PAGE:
By Mel Barker, Biosphere Foundation CEO
One of the highlights for me last month was attending a UNESCO conference up on Butchella Country on K’gari (Fraser Island). There were representatives from island and coastal Biospheres in all corners of the globe (including Finland, Brazil, the Maldives and the Isle of Wight to name a few), as well as from UNESCO itself. Island and coastal biospheres are all particularly vulnerable to climate change, so it was a great opportunity to share with each other the projects and solutions we’re developing and implementing to leverage our joint knowledge. Blue carbon projects involving mangroves and seagrasses were a common theme so we will continue to utilise these international linkages for our own Blue Carbon program here in the Western Port Biosphere Reserve (see hot topic here for more information about the Ministerial announcement Climate action gets a $1.2 million boost in Western Port – Western Port Biosphere).
The Butchella people are the Traditional Custodians of K’gari and they shared their knowledge of Country with us, as well as the importance of the recent formal recognition by the Queensland Government of their connection to Country through the change of name to K’gari this year. I wasn’t aware of the origin of the name ‘Fraser Island’ – if you’re interested, there’s some background here.
Voting is now open for the Referendum on the Voice to Parliament to recognise First Peoples in the Constitution. The Biosphere Foundation supports a ‘Yes’ vote – more details can be found on our website, in this Connector and through our socials.
I’d like to thank Luke from McConnell Dowell for inviting me to visit a significant road upgrade project in Koo Wee Rup to see the habitat initiatives they’re implementing. Traditionally roads have represented a threat to fauna as they are barriers to wildlife traversing the landscape. If animals do attempt to cross roads, this can often result in accidents with cars, or death. I’ve heard that there has been an increased number of wildlife incidents on roads on the Mornington Peninsula in recent weeks. This issue is another example of the challenges of our modern society – how to balance the needs of nature with the desire of humans to drive around? Wildlife corridors are a critical part of the solution, so it is great to see the increased construction of road crossings for fauna. At the Koo Wee Rup road upgrade, there are dry tunnels under the road in a number of key points to allow bandicoots to cross roads safely, as well as wet tunnels and ponds to provide frog crossings and habitat. Monitoring will be put in place to assess the effectiveness of these designs, which will support their continuous improvement to see better outcomes for wildlife.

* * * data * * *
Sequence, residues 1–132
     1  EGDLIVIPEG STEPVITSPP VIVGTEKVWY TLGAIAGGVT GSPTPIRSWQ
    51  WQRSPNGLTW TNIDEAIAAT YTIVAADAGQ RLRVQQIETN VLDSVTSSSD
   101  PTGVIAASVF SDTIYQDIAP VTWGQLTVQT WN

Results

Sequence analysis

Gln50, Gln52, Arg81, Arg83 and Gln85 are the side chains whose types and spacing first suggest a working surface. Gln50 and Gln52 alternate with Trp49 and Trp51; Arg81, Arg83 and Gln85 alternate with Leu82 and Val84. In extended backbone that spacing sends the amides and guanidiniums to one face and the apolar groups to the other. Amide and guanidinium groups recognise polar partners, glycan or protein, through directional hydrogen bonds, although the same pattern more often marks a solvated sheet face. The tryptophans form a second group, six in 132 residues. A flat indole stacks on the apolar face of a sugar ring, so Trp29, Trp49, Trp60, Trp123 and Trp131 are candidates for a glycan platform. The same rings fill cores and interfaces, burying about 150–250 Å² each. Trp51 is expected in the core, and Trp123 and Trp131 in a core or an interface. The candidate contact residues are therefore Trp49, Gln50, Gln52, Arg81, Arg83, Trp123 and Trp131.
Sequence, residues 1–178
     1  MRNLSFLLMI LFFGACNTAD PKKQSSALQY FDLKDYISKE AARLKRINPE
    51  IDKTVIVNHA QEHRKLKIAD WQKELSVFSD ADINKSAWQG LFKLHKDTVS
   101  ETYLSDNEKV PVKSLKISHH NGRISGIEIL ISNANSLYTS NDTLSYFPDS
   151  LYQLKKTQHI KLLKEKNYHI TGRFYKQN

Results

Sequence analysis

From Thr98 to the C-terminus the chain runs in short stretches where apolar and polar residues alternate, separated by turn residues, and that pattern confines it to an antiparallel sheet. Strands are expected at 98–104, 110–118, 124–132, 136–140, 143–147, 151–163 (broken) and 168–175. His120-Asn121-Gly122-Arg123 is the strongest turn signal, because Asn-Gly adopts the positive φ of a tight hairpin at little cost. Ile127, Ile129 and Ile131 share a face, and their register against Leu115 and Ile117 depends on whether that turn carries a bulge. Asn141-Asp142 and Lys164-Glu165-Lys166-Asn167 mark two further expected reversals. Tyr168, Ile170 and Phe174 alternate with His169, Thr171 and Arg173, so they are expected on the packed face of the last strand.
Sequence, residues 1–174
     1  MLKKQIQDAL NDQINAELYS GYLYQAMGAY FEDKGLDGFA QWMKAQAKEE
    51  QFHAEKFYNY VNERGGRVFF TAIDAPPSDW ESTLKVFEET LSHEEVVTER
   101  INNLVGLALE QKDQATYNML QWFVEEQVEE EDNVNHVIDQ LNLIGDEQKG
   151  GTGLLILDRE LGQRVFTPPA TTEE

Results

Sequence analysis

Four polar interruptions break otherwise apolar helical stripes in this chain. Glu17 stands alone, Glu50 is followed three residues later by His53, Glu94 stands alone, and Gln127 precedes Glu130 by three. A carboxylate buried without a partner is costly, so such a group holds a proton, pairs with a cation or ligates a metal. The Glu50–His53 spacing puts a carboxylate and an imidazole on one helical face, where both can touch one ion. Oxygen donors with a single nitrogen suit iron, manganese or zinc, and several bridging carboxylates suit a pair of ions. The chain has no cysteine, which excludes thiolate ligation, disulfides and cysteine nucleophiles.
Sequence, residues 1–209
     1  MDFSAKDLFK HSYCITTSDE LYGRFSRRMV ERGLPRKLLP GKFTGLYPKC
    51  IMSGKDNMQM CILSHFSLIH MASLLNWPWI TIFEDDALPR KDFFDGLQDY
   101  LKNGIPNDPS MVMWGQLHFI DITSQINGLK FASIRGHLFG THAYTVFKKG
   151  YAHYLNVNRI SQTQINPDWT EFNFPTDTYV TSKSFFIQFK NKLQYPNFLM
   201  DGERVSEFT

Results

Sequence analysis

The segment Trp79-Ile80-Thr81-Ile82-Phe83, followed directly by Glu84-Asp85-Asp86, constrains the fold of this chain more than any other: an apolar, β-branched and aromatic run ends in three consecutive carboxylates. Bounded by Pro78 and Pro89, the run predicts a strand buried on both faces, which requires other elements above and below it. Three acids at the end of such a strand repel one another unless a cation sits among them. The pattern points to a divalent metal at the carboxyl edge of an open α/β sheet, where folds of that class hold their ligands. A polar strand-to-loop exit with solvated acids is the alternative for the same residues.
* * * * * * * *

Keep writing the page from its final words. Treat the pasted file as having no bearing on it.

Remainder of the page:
We’ve had very positive feedback about our recent ‘All Things Western Port’ forum in Hastings. Thanks to Melbourne Water for supporting this event – it was great to bring together community members, scientific, and our partners to discuss both the on-ground work, as well as the scientific research underway for the Western Port region. All the tickets were snapped up for this event, so we look forward to having more events like this to continue the conversations and bring people together.
I hope you enjoy the articles from the team and our partners and hope to see you somewhere in the Biosphere soon !